Context / Methods

11

3

4

3 Design sketch by Luke Pearson showing alternative design for the gates, magazine and teasmade 4 Technical drawings showing gate and rocker design


12

Universal Tea Machine

5

5 Design sketch by Luke Pearson showing alternative design for the gates, magazine and teasmade


Methods 13

Prototyping of the game elements

a. Ball delivery system

Scaled and full-size prototypes were made of all the Universal Tea Machine’s mechanical components – the logic gates and ball delivery magazines. These tested the performance of the computation elements and the function and reliability of the system. The input runs were tested for the necessary angle of inclination to produce the correct speed for ball travel without inducing bounce and voiding the calculation. The teasmade components were also prototyped to ensure that correct timing and ingredient delivery could be ensured. [fig. 5]

Five magazines which hold 15 balls are positioned at the back and top of the machine and can deliver the balls individually into each of the input runs. The balls are launched with sufficient momentum down gravity-fed runs to enable them to tip the balance of the rocker in the flip-flop gates. [fig. 6] b. Input runs The input runs, constructed as box beams, span 12 metres from the rear structure (which holds the ball delivery magazines) to the calculating desk and teasmade. The runs are inclined to gravity-feed into the input gates and cranked in plan to elaborate the journey of the ball. Five runs, numbered 1, 2, 4, 8, 16, each correspond with a flipflop gate to compute the addition. [fig. 7] c. Logic gates Five ‘flip-flop’ gates with rocking switches receive the adding balls and provide the sequential logic of the installation. These were designed so the player can read the progress of the cumulative sum. Metal flags on each gate assist this process by reading the result of the addition. [fig. 8]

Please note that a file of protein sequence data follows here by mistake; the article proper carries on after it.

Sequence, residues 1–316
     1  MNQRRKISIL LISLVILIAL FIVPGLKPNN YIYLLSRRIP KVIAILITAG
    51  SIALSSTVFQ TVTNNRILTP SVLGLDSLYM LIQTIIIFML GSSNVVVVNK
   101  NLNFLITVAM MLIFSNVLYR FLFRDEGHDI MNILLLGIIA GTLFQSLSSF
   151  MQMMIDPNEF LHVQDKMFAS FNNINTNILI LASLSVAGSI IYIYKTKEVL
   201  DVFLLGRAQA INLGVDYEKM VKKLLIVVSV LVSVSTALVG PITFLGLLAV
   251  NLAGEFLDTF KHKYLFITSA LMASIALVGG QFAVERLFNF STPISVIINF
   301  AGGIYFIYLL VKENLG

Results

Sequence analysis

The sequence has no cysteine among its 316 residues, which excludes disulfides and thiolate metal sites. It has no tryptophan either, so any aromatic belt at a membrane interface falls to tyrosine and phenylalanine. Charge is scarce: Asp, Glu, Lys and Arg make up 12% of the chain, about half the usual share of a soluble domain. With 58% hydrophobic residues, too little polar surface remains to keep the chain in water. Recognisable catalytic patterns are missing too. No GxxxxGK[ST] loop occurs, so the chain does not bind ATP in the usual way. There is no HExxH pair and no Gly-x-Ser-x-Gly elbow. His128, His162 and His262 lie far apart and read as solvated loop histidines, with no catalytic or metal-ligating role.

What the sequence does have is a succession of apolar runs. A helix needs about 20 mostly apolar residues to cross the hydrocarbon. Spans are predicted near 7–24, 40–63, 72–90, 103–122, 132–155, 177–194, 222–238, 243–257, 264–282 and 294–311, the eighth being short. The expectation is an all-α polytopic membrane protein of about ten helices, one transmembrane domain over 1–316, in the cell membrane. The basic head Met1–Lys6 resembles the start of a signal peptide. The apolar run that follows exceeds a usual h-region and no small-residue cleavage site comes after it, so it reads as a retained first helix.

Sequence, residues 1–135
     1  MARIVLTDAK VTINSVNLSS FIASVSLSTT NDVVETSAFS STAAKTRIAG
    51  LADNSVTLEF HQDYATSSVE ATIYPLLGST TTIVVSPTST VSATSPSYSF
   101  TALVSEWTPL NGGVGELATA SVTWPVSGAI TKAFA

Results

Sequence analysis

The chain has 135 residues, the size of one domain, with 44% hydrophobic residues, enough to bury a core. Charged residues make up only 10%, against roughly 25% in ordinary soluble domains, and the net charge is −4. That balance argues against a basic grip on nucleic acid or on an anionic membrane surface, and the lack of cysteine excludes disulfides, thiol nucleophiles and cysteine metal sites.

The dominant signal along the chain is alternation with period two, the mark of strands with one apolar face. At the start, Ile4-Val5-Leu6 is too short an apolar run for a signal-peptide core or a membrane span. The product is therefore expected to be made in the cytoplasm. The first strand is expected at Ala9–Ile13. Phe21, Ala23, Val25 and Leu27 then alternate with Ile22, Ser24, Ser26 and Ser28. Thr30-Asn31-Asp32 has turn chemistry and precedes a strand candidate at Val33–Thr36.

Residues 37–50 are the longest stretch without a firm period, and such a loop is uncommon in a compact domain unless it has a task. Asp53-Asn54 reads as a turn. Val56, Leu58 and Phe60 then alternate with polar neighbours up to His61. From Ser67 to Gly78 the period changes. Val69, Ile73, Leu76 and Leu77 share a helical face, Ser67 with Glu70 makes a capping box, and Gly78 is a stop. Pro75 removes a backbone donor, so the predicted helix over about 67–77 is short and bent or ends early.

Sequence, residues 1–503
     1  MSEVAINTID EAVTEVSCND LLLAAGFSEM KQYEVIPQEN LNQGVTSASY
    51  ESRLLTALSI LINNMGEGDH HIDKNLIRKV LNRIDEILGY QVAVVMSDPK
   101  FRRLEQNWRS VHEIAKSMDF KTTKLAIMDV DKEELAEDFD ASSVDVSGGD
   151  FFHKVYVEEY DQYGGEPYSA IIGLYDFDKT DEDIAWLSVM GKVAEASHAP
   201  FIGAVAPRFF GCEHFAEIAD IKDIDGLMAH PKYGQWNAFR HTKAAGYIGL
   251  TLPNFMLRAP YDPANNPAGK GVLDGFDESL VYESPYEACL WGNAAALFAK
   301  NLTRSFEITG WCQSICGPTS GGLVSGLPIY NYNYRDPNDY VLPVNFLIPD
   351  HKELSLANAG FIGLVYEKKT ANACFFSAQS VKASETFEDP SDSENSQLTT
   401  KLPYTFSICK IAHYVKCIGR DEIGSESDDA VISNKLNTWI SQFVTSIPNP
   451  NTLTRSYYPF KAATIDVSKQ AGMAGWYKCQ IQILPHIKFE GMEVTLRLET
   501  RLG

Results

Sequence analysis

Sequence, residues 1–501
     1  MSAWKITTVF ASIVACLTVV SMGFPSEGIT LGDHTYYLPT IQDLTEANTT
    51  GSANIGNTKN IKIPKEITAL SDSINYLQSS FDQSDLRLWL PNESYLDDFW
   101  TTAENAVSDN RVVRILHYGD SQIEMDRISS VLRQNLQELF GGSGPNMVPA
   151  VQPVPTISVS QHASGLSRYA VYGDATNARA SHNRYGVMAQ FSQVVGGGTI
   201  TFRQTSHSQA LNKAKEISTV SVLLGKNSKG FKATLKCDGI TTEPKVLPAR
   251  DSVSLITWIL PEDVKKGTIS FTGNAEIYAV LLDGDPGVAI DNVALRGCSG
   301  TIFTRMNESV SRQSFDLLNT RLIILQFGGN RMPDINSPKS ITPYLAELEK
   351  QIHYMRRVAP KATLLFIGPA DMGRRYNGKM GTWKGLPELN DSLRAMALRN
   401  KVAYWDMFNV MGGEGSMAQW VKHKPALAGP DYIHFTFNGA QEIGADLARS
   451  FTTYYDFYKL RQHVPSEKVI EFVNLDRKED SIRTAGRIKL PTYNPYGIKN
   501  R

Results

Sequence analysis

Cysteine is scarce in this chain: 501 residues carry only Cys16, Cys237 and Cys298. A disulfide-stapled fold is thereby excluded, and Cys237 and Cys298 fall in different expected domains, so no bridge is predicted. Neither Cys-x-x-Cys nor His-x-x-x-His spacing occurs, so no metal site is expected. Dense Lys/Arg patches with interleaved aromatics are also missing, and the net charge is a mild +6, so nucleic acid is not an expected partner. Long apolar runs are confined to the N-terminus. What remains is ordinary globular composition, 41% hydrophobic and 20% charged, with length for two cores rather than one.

6

6 Prototyping the ball delivery system


14

Universal Tea Machine

7

7 Competition model 8 The Universal Tea Machine is reminiscent of a fun fair or pinball game and the activity of calculating how to make tea becomes a spectacle


Methods 15

8


16

Universal Tea Machine

9

10


Methods 17

d. The ‘teasmade’ kitchen A cup of tea is produced by the addition of five ingredients: a cup, a teabag, milk, sugar and boiling water. The teasmade, designed and fabricated by Oliver Palmer, is series of Heath Robinson-like contraptions that separate the tea making into five mechanical activities, which surround a set of large cogs powered by servos linked to the binary calculator by an Arduino board that registers the activity of the logic gates. [fig. 9 & 10]

Digital fabrication methods and on-site fabrication The Universal Tea Machine is mainly constructed from CNC routed plywood fabricated into box beams, layered into solid junctions and built into panel enclosing structures. The performative elements of

the logic gates and ball delivery system are also plywood with mechanical elements and electronic componentry. Due to site access and transport restrictions and manufacturing processes, the machine was designed to be partially constructed off-site in kit form and then assembled on-site. The design and construction were a collaborative process where the team produced drawings and prototype models for testing and development, and for consultation with the Greater London Authority’s Wonder project delivery team. Nick Westby of Westby Jones was contracted to produce 3D digital fabrication drawings, and managed production, fabrication and site installation. Oliver Palmer was subcontracted to design and fabricate the teasmade, which uses an Arduino interface. [fig. 11–14]

9 The Universal Tea Machine showing the teasmade 10 Initial design sketches of the teasmade system


18

Universal Tea Machine

11


Methods 19

12a

12b

12c

12d

12e

12f

12g

12h


20

Universal Tea Machine

13

11 (previous page) Pattern drawings for CNC cutting 12 (previous page) Plywood kit parts being assembled for the input runs and beam joints